Monday, December 31, 2007

The Gospel According to The Simpsons

I don't have tons to say about this book; it was rather interesting; the best thing about it is, at lest for a Simpsons fan, that reading this book is often like watching an episode. Pinsky highlights some very hilarious moments with America's favorite animated family. The main objective of the book, I believe, is to point out the religiosity of the show. More than that, Pinsky wants to give The Simpsons credit for more or less honestly and acurately representing religious America. That is, the general views, feelings, and opinions about faith in the US.

The reader is given a behind the scenes look at Simpsons writers, their religious backgrounds and perspectives and their desire to be honest and integritous. I was especially impressed by what I learned concerning the writing in episodes focusing on Krusty the Clown's Jewish roots. Nothing is sacred on The Simpsons, and Pinsky makes no apologies for that; instead he points out things the show does, in this regard as well as in regard to various other sociocultural happenings in North America, that no other show has been able to do. Like I said, overall this is an interesting book that caused me to laugh out loud -- loud enough to get some strange looks in the library.

Sunday, December 30, 2007

Real Sex

I'm beginning to be a big fan of Lauren Winner in general, from her books to her articles to her lectures. This is a fun one! From the title alone, you can get a glimpse of Winner's wit and ability to engage her reader. Take a quick look at some of her chapter titles:

1. Unchaste Confessions:
Or Why We Need Another Book about Sex

Part One: Talking About Sex
2. Real Sex:
Creation, Scripture, and the Case for Sex in Marriage
3. Communal Sex:
Or, Why Your Neighbor Has Any Business Asking You What You Did Last Night
4. Straight Talk I:
Lies Our Culture Tells about Sex
5. Straight Talk II:
Lies the Church Tells about Sex

In part two Winner gets practical and talks about the discipline of chaste living and what that looks like both on the individual and communal level. She gives some examples from her own life of the difficulties and the benefits of this discipline, which I appreciate -- it's another way she reaches her reader.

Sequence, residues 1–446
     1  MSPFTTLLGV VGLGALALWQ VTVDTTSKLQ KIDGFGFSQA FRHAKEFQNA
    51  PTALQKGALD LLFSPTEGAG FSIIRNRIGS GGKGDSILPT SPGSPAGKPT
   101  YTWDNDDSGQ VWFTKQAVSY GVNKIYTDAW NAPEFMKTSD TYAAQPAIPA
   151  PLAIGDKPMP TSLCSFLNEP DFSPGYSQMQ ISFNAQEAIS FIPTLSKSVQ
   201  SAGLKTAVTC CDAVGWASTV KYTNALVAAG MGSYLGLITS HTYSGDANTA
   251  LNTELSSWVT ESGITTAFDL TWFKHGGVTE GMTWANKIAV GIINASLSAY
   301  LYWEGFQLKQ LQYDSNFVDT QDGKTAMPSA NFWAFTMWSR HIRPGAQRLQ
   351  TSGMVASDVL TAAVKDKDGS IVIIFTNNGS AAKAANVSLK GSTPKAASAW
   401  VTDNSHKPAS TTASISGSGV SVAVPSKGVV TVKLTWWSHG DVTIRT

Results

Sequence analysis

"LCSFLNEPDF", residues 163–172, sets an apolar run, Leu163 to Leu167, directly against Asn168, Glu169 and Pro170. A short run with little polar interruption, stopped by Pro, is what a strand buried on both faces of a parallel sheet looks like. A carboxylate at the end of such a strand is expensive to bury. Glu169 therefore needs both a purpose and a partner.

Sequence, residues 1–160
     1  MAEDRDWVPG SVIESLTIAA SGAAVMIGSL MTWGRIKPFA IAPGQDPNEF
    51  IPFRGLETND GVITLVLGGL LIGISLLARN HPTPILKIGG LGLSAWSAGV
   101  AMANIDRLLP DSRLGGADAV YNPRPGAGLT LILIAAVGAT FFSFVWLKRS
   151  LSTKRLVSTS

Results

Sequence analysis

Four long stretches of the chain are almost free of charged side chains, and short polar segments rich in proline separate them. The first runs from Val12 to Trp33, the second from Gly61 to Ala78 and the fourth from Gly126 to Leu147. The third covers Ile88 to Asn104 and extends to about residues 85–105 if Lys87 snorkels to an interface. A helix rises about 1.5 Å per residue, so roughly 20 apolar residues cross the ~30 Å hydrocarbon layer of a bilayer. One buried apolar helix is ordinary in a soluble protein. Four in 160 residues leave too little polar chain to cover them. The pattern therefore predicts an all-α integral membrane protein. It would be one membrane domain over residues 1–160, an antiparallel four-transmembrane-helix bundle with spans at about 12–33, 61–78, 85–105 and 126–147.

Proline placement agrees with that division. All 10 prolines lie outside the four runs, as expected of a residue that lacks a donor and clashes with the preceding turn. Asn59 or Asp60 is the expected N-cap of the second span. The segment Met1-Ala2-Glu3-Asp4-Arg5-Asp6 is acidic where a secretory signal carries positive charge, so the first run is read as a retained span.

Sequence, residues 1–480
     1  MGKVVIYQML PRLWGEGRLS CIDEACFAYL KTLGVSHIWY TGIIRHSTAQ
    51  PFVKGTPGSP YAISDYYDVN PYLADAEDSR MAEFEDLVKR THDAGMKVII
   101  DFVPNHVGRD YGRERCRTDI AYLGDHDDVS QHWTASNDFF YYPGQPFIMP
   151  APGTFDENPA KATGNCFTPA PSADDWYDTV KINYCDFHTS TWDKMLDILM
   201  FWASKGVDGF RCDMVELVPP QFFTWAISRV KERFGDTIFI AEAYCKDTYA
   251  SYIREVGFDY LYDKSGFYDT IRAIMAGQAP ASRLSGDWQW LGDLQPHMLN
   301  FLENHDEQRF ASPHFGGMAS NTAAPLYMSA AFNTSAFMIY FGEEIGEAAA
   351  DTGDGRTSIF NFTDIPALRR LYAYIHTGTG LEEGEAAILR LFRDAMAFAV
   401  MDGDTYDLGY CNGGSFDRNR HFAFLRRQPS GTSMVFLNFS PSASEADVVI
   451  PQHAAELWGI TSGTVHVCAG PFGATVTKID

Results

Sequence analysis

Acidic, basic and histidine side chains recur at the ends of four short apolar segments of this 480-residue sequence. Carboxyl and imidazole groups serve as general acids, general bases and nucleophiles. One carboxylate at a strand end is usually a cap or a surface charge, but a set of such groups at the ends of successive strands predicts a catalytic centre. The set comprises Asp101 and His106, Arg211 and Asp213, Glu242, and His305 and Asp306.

Chapters three through five are my favorites. I think the content in these chapters is what separates this book from other Christian books on chastity. Winner talks about community in relation to sex in a way that I haven't seen before, and she gives her reader the tools necessary for discovering the song of sex as a part of the immense beauty which emenates from the heartstrings of God by blocking the constant noise put out by our culture and Christian subculture.

Wednesday, December 26, 2007

Who's Afraid of Postmodernism?

In Who's Afraid of Postmodernism James K.A. Smith engages his reader with humor and wonderful accessibility with the purpose of clearly differentiating between the popular, or what he calls "bumper sticker" understanding of Postmodernism and the scholarly understanding, as well as narrowing the gap between the two. Smith helps his reader get a handle on the gist of Derrida, Lyotard, and Foucault's commentaries of Postmodernism, and provides his thoughts on both the benefits of each philosopher's criticism of Modernism as well as his own criticism of what he perceives to be the errors of Derrida, Lyotard, and Foucault's proposals.

If all this were not excitingly useful enough, the best part of the book comes as Smith proceeds to do exactly as he says he will do in his clever subtitle, and takes Derrida, Lyotard, and Foucault to Church, a thing which many are afraid to do. Smith grabs hold of the positive criticisms each philosopher gives and applies them to the Modern Church in hopes of holding out a vision for the Church in which she might break free of the glittery trappings of Modernism and bravely step forward into a truly post-modern existence. I stress truly postmodern because the major difference between pop-Postmodernism and Postmodernism is that the former is not actually post-modern at all, but is rather hypermodern -- a phrase coined by Middleton and Walsh in their book on Postmodernism: Truth Is Stranger Than It Used To Be. That is to say, society is more hypermodern than it is postmodern insomuch as the phenomenon we experience called relativism (strange truth) is modern, not postmodern, because relativism is the result of a Cartesian equation of epistemology multiplied by negative one (or worse, zero).